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Martina Gschwendtner, doctoral student at TUM:

Out for lunch with Wolfgang Ketterle

Martina Gschwendtner at Lake Constance
Many useful hints to take home: TUM doctoral student Martina Gschwendtner at the Nobel Laureate Meeting at Lake Constance. (Photo: private)
Nobel Prize winners are quite straightforward, down to earth, and approachable – at least those Martina Gschwendtner just met. The TUM doctoral student recently attended the meeting of Physics Nobel Prize winners, where she gained many great experiences.

Martina, you were one of 580 young scientists in Lindau. How was the meeting of the Nobel Prize winners?

It was one of the most impressive conferences I've ever been to – a very special occasion. The entire week was perfectly organized, and the program was very varied and interesting. It started at 7 o'clock in the morning and ended late in the evening.

How is the meeting scheduled?

In the morning, you can take part in a Morning Workout Session at the lake – and on other days, there are events such as the "Science Breakfast", including an interesting podium discussion with Nobel Prize winners. Throughout the day, there are lectures and interactive formats in which more specific scientific topics are discussed with the individual winners. In the evenings, there are great dinners. This year, one of the evenings was hosted by South Africa – with traditional food. The evening ended late with African music, and you could find one or the other Nobel Prize winners on the dancefloor.

Whom of the Nobel Prize winners did you meet?

I met Professor Wolfgang Ketterle for a "Laureate Lunch". He won the 2001 Nobel Prize in Physics. Also, I was particularly pleased that I got to know the third female Nobel Prize winner in the field of Physics, Donna Strickland, personally. She was awarded the Nobel Prize in Laser Physics. She is a truly fascinating woman – from Canada, by the way. She shared many personal views, for example about the moment she learned that she won the Nobel Prize.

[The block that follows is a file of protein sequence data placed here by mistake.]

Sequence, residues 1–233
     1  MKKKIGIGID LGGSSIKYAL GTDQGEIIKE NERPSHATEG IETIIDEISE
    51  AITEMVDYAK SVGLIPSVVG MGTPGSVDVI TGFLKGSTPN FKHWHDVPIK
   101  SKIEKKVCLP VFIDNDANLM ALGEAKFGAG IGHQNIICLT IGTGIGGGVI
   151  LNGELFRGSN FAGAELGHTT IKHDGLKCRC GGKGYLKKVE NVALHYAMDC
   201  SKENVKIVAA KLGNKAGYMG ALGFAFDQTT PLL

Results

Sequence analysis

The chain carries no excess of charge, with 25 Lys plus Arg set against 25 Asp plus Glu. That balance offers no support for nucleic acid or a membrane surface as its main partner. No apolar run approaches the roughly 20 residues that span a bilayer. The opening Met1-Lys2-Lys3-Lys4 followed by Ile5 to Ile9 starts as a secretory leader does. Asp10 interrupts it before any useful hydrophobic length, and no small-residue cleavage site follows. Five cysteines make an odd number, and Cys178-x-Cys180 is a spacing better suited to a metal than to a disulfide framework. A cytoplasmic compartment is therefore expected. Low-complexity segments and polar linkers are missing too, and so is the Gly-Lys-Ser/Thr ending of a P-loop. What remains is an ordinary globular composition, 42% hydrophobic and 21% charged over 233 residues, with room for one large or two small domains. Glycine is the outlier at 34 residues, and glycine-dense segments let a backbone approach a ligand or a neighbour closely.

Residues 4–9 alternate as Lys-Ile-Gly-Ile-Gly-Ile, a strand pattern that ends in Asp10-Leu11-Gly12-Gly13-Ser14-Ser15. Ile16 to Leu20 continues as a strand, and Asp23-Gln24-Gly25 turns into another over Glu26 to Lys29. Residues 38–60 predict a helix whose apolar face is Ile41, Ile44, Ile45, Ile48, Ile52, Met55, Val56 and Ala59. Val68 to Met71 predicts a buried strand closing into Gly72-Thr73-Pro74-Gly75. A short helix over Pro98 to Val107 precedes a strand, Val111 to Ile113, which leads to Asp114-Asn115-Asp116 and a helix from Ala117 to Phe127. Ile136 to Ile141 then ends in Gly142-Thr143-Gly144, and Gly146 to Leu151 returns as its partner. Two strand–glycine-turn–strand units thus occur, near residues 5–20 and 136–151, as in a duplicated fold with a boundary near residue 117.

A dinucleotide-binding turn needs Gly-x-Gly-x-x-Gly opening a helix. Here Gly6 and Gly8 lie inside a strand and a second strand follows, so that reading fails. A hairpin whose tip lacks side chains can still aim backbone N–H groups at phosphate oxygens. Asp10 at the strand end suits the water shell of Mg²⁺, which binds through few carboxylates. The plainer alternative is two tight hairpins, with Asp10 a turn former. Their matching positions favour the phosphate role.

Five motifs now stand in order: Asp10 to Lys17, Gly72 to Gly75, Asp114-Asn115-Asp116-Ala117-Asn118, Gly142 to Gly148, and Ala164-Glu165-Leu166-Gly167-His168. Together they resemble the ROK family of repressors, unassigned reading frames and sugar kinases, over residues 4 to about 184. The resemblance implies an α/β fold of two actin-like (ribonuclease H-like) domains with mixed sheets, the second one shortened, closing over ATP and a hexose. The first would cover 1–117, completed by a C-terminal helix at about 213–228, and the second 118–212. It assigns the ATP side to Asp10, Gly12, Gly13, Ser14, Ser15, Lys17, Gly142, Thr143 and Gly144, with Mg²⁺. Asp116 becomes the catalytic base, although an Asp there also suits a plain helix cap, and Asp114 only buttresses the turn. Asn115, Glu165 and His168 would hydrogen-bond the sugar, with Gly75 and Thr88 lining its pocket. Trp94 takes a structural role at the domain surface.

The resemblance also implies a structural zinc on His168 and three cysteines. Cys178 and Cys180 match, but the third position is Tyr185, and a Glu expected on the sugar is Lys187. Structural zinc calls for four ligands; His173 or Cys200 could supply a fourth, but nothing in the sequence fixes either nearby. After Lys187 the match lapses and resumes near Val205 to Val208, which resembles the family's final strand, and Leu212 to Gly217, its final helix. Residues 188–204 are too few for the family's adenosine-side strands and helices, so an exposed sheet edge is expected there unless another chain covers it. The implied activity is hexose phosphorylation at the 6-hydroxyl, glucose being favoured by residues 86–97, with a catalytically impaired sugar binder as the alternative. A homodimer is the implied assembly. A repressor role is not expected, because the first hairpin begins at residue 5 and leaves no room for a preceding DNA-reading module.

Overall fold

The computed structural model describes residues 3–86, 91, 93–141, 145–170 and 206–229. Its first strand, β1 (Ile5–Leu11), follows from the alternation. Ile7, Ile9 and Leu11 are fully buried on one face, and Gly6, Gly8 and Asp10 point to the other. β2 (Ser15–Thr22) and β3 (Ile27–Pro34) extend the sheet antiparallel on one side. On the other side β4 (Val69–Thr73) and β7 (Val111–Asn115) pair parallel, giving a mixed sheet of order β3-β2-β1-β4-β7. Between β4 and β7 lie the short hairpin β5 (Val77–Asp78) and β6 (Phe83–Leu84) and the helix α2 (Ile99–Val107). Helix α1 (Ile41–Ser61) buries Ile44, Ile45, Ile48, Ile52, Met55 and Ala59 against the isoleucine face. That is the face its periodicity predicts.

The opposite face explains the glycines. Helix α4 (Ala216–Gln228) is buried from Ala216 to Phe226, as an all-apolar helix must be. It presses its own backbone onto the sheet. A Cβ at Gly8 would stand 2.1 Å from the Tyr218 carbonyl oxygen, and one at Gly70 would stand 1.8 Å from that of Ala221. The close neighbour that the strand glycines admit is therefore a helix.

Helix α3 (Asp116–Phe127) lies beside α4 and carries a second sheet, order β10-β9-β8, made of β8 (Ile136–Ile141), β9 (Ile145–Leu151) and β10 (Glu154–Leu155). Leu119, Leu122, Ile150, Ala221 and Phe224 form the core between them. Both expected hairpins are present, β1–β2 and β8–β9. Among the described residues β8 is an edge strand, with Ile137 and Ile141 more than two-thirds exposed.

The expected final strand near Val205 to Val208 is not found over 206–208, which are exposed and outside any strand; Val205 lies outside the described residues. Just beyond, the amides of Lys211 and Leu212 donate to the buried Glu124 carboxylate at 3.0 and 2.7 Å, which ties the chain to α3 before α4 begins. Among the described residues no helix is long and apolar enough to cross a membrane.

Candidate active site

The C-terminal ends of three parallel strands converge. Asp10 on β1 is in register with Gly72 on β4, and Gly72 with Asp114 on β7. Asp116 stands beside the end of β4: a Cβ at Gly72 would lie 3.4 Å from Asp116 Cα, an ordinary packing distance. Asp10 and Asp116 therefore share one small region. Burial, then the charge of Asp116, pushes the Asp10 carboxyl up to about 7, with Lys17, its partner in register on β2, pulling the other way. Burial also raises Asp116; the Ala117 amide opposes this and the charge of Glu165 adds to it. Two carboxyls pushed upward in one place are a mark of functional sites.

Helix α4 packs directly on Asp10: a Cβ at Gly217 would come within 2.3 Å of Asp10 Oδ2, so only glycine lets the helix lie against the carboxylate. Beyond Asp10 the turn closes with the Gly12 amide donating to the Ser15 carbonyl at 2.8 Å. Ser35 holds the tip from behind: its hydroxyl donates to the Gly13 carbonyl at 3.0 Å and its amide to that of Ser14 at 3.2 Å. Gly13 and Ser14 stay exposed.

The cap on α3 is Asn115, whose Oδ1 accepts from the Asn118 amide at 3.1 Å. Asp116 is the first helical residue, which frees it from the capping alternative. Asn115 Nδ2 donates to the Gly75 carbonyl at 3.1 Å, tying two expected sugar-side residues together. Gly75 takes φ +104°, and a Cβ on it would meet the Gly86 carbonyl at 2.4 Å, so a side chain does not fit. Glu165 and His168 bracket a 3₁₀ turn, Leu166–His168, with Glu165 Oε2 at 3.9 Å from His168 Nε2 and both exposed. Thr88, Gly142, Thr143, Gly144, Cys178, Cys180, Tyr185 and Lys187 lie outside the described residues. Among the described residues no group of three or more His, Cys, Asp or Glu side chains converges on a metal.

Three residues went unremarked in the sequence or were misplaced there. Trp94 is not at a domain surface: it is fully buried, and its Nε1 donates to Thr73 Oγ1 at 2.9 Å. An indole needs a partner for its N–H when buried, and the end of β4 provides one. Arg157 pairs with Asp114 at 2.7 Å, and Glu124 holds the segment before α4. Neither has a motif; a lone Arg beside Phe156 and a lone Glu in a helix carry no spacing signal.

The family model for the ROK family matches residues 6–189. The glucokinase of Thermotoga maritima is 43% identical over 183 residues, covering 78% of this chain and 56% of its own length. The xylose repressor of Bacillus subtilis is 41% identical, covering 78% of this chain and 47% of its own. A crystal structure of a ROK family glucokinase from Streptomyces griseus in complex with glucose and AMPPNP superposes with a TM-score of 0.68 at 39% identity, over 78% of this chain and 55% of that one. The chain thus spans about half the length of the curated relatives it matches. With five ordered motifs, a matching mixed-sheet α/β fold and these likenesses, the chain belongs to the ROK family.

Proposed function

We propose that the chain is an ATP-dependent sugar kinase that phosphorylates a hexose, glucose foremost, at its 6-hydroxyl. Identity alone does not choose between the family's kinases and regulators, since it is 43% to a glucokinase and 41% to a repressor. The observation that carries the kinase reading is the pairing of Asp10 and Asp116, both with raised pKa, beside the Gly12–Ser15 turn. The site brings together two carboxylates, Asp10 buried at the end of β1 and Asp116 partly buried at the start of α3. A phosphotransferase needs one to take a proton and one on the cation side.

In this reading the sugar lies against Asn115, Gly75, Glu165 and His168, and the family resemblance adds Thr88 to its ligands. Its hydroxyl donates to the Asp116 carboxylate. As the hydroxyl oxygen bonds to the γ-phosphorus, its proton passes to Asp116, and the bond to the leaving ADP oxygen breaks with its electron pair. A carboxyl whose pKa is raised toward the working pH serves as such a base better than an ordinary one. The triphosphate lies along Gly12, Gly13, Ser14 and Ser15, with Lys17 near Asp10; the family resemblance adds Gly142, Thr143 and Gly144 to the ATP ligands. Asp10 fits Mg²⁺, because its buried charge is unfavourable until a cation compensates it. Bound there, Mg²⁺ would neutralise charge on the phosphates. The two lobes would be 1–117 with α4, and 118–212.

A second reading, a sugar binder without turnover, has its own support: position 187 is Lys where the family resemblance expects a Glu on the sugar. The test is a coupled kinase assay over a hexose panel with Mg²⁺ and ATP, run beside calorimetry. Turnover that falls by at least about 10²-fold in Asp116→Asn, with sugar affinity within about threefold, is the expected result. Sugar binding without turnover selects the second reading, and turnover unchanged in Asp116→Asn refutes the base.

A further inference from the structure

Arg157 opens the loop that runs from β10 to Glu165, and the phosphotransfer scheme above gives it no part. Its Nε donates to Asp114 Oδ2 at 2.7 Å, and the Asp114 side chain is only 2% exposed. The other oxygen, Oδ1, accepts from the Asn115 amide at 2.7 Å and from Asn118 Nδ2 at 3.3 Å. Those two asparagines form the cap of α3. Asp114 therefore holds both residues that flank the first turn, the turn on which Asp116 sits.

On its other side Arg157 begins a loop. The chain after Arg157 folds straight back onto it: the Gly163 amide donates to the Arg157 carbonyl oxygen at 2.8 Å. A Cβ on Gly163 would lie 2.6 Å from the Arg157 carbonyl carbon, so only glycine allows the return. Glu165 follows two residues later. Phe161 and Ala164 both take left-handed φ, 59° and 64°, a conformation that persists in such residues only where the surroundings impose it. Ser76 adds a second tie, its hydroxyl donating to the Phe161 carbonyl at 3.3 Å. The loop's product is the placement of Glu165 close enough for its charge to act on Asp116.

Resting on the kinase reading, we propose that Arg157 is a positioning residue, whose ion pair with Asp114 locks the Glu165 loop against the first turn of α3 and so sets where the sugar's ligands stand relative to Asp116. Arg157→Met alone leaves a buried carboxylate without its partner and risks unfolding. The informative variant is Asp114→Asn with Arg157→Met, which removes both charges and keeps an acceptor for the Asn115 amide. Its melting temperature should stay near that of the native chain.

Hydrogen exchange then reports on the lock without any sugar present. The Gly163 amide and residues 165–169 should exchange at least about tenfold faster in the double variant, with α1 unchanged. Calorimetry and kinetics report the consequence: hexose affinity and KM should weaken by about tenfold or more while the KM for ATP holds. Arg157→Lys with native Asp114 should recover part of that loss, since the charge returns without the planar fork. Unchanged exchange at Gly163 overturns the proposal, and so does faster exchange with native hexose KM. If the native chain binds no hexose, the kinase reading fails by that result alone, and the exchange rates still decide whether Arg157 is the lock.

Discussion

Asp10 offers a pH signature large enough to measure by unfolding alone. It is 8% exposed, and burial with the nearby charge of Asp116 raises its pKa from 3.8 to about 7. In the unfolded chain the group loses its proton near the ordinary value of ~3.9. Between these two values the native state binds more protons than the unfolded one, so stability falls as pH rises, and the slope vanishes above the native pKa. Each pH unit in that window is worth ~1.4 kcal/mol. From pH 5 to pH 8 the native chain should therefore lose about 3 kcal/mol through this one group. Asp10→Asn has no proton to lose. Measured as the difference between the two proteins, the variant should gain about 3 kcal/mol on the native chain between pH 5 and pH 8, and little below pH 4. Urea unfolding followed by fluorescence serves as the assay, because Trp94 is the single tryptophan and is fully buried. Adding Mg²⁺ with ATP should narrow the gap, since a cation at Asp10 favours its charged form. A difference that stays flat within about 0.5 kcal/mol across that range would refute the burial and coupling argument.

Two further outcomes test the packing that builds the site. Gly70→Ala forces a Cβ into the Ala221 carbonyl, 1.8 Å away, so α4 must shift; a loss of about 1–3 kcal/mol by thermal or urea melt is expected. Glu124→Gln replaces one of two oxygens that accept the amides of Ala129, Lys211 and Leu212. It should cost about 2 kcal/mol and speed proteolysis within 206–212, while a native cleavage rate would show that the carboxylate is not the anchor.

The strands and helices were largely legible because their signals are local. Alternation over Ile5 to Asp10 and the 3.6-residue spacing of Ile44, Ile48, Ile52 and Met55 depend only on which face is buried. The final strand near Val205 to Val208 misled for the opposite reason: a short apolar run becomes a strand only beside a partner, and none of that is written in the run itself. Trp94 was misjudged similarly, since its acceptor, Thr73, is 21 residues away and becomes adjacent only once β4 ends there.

And what were the award winners like, personally?

Most of them are very uncomplicated, down to earth, and approachable. The discussions were all very interesting and inspiring, and I soon realized that the careers and paths of life of researchers are not always straightforward or perfectly planned.

What are you taking from the meeting?

Memories and insights from interesting conversations, also with the many other young scientists who were able to visit the meeting – and many recommendations.

For example?

For example from Donna Strickland, who told us that it can be helpful to believe that you are always in the right place, right where you are ...

Would you like to become a Nobel Prize winner?

Many would like that! The great part is that people listen to you if you win a Nobel Prize. This really gives you the opportunity to make a difference. Teaching is very important to me, for instance, and so I thought it was great that Nobel Prize winner Professor Dan Shechtman also showed great interest in the continuous improvement of school systems and the university system as a whole. We talked about that for quite a while.

(Interview: Sabrina Czechofsky)

Martina Gschwendtner (27) studied Mathematics at TUM and completed her Master's degree in Philosophy of Science and Technology. She has been working on her doctoral degree in the field of Quantum Computing at the Department of Mathematical Physics for two and a half years. Martina is happy to see what the future will bring, and she wants to take heed to another piece of advice she got at the meeting of the Nobel Prize winners: "Be open to all opportunities!".

More information:
Lindau Nobel Laureate Meetings

 

Martina Gschwendtner at Lake Constance
Many useful hints to take home: TUM doctoral student Martina Gschwendtner at the Nobel Laureate Meeting at Lake Constance. (Photo: private)
 Martina Gschwendtner and Prof. Donna Strickland
An inspiring encounter: Martina Gschwendtner and Prof. Donna Strickland (left), who won the Nobel Prize in Physics in 2018. (Photo: private)